A gunbattle erupted Friday as FBI agents surrounded the hideout of a Puerto Rican nationalist leader wanted in the 1983 robbery of Connecticut armored truck depot, and at least one agent was wounded, police said.

Puerto Rico's top broadcast stations carried reports that Filiberto Ojeda Rios (search), who has been in hiding for 15 years, had been captured or killed. A law enforcement agent who spoke on condition of anonymity and Hector Pesquera, president of the Hostiano independence movement, told The Associated Press he was killed. But there was no official confirmation.

The robbery of $7.2 million from the Wells Fargo (search) depot in West Hartford, Conn., is considered an act of domestic terrorism because it allegedly was carried out by 19 members of the Puerto Rican militant nationalist group Macheteros, or Cane Cutters.

FBI agents surrounded a farmhouse where the 72-year-old Ojeda Rios was hiding in the western town of Hormigueros, Puerto Rico's police chief, Pedro Toledo, told Radio WKAQ on Friday afternoon.

Toledo said FBI agents had arrested Ojeda Rios' wife.

He confirmed that an FBI agent was wounded in the gunbattle and taken to a hospital.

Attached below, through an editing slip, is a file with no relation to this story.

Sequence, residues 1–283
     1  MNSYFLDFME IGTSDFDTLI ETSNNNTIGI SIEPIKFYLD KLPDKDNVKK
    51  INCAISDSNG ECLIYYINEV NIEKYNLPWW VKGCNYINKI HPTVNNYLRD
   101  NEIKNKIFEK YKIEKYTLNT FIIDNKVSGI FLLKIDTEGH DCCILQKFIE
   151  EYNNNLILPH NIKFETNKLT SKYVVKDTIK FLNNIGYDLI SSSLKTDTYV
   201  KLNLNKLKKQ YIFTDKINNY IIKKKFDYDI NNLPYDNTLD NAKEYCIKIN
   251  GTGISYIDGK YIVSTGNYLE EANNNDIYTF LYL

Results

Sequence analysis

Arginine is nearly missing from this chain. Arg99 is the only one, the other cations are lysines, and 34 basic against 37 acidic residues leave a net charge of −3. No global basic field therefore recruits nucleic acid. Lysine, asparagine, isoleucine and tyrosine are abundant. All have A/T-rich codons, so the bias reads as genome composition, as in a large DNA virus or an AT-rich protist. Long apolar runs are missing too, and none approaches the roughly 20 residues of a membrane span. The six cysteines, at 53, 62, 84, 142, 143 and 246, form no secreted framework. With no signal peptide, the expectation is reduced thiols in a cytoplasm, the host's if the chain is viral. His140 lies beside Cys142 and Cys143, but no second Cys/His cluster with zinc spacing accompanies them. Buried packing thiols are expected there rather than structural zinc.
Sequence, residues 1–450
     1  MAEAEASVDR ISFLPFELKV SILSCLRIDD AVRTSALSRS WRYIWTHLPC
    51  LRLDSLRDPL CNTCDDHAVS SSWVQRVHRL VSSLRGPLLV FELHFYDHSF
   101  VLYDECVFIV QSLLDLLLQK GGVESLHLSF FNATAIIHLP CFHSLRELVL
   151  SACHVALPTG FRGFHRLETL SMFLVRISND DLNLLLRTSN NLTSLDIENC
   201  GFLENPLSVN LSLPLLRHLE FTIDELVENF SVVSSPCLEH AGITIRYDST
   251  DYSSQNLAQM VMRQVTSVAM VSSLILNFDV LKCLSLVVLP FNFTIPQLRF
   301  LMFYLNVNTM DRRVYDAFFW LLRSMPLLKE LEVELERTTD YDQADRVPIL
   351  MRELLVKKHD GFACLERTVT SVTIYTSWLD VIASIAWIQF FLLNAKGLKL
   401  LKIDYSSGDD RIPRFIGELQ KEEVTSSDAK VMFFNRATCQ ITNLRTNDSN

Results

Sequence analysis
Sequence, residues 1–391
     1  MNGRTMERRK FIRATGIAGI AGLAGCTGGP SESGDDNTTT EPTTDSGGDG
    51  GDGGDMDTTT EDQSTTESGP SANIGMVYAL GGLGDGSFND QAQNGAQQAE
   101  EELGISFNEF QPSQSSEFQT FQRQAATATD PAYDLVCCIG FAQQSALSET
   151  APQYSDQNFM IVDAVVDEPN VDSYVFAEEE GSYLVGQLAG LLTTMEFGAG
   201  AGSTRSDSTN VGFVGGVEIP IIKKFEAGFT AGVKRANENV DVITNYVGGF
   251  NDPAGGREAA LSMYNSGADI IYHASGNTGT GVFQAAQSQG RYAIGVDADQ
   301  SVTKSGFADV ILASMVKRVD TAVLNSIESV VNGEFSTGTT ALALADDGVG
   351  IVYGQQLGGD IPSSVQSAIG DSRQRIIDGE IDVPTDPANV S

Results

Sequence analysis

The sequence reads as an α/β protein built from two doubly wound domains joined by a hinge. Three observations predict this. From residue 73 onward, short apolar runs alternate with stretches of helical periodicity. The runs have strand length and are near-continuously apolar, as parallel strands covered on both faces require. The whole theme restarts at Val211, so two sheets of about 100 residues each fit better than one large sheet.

FBI spokesman Louis Feliciano confirmed a "tactical operation" in the area but declined to give details.

Law enforcement agents were reluctant to go on the record about an FBI-controlled operation that they said included U.S. Marshals, Puerto Rican police and Puerto Rican prosecutors over the sensitive issue of independence and sovereignty in a U.S. territory with a local government that has some jurisdiction.

Some 500 people began protesting the move against Ojeda Rios late Friday night, blocking a main avenue in San Juan (search).

"This was done on purpose ... to try to humiliate us," Jorge Farinacci, president of the Socialist Front, said at the demonstration. "It's to tell us 'You do not have the right to independence."'

A second law enforcement agent who also spoke on condition of anonymity said four Puerto Rican prosecutors arrived at the scene late Friday, and said this indicated someone had been killed and their presence was needed to remove the body.

The Puerto Rican broadcast stations — including WKAQ Radio, TV6 and WAPA Radio — all carried similar reports that Ojeda Rios had either been captured by authorities or killed.

Ojeda Rios, leader of the Macheteros, is one of four men still wanted for the Wells Fargo robbery. He was released on bail in 1988 after about three years in prison awaiting trial in Connecticut. In 1990, he cut off an electronic monitoring bracelet and went into hiding.

He was convicted in absentia in 1992 on charges of robbery, conspiracy and transportation of stolen money and was sentenced to 55 years in prison.

Only about $80,000 of the $7.2 million has been recovered. The federal government believes most was used in Puerto Rico to finance the independence movement.

The United States seized Puerto Rico in the Spanish-American War. Puerto Ricans are U.S. citizens but cannot vote for U.S. president, have no voting representation in Congress and pay no federal taxes.

Most Puerto Ricans are split between those who support making the island a U.S. state and those who favor keeping its status as a U.S. commonwealth. A small but vocal minority supports independence.